I was in grade four. I went to school in town but I lived in a township, so I had to use public transport to and from school.
My friend and I walked past these high school girls that I thought were really pretty. I commented on how they looked.
Then the topic of beauty was sparked. Seeking his validation, I asked my friend if he thought I was pretty. He said: “I think you’re sort of pretty but you would have been prettier if you were light-skinned.”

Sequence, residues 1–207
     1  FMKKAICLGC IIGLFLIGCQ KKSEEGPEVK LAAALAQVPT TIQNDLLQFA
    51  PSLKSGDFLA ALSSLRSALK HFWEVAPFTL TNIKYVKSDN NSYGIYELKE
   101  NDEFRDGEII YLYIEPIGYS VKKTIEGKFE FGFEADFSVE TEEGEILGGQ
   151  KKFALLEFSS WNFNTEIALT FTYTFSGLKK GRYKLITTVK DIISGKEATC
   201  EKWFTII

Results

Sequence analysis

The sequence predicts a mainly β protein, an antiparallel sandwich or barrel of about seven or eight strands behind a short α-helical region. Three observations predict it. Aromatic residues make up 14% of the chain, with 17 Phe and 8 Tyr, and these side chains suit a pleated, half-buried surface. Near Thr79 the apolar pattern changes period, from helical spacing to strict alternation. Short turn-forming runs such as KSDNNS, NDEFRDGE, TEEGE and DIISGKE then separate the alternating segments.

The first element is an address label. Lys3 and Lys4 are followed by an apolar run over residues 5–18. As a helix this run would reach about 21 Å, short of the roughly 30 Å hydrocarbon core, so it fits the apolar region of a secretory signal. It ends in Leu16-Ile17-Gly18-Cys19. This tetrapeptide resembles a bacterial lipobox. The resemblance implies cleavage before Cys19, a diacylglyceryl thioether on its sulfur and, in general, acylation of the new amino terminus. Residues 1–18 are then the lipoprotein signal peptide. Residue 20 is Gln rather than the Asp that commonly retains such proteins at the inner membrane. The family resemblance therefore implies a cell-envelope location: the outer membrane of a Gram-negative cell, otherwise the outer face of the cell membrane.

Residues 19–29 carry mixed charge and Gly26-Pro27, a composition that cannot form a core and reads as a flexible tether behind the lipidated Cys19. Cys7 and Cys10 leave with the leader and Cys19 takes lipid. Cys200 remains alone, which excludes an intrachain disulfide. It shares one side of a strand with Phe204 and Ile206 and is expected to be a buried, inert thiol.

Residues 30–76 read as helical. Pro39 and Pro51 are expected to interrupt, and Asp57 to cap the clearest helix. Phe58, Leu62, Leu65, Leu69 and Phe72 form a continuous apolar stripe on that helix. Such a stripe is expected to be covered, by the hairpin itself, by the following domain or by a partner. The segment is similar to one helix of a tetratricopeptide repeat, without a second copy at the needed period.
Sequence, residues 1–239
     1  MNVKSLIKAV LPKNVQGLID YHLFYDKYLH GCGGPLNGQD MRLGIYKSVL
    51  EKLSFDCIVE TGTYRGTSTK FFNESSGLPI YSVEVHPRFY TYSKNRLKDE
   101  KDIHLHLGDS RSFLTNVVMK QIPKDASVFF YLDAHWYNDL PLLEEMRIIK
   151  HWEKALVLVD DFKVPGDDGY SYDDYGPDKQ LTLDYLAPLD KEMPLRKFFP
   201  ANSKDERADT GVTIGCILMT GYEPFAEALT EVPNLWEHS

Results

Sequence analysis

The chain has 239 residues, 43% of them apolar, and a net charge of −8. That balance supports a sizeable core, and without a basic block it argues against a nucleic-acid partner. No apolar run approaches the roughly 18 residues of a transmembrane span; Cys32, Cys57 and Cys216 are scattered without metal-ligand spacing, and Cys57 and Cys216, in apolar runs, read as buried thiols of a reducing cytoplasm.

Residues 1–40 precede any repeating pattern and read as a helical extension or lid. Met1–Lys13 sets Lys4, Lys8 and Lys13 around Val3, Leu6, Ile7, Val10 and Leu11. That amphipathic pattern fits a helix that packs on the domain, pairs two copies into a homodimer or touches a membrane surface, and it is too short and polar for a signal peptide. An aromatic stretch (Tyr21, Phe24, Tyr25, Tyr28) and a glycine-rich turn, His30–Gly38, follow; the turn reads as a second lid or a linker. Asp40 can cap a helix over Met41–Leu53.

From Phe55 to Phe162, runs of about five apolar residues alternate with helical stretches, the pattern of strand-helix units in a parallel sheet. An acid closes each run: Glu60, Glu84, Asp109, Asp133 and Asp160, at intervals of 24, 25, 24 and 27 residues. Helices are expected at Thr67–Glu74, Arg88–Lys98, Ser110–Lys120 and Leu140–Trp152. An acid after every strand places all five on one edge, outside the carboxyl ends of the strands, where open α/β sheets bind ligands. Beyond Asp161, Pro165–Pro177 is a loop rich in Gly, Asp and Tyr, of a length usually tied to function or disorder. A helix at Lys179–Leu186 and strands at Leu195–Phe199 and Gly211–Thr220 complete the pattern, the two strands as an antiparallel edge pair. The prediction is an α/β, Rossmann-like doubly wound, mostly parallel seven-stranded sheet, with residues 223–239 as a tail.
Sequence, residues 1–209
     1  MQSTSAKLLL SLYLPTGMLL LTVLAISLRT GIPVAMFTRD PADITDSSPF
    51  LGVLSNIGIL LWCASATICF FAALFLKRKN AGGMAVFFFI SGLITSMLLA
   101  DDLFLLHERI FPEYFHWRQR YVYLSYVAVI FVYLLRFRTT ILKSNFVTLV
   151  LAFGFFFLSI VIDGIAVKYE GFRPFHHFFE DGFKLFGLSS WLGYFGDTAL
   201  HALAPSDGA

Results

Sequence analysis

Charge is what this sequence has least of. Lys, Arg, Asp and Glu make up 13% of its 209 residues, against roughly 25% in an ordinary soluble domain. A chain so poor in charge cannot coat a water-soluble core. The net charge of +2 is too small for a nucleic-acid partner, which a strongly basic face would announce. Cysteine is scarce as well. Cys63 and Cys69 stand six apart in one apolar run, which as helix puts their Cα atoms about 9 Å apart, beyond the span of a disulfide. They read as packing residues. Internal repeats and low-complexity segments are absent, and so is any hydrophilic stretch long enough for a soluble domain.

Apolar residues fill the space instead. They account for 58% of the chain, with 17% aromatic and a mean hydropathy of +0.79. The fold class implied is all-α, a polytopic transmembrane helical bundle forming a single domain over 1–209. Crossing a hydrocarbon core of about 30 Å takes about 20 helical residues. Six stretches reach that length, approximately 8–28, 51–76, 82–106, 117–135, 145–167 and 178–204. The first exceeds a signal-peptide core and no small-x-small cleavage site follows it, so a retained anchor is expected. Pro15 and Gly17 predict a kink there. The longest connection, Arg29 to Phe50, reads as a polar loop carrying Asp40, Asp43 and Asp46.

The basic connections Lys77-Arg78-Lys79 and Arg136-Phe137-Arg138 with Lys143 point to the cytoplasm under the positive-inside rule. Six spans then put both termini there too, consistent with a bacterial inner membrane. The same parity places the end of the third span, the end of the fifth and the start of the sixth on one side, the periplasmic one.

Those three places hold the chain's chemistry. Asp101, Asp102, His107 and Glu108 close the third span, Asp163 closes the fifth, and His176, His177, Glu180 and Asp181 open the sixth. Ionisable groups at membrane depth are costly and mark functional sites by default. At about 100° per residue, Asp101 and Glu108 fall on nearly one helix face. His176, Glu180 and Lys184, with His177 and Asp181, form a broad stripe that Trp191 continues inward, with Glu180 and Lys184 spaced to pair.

That was the beginning of how I perceived myself. I kept feeling like I was inadequate. Whenever anything bad happened to me, I would attribute it to my dark skin.
Fast forward to varsity: I went to the United States. This one time we had an acting class and we were asked to write our own monologues.
We had to share our monologues with the whole class and when I read it out loud I burst into tears.
There was a vulnerability that I had been escaping from for all those years because I had accepted the box I was in.
From that moment I left the box and saw myself with my own eyes. —Television maker Leni Netshiavhela (25) as told to Zaza Hlalethwa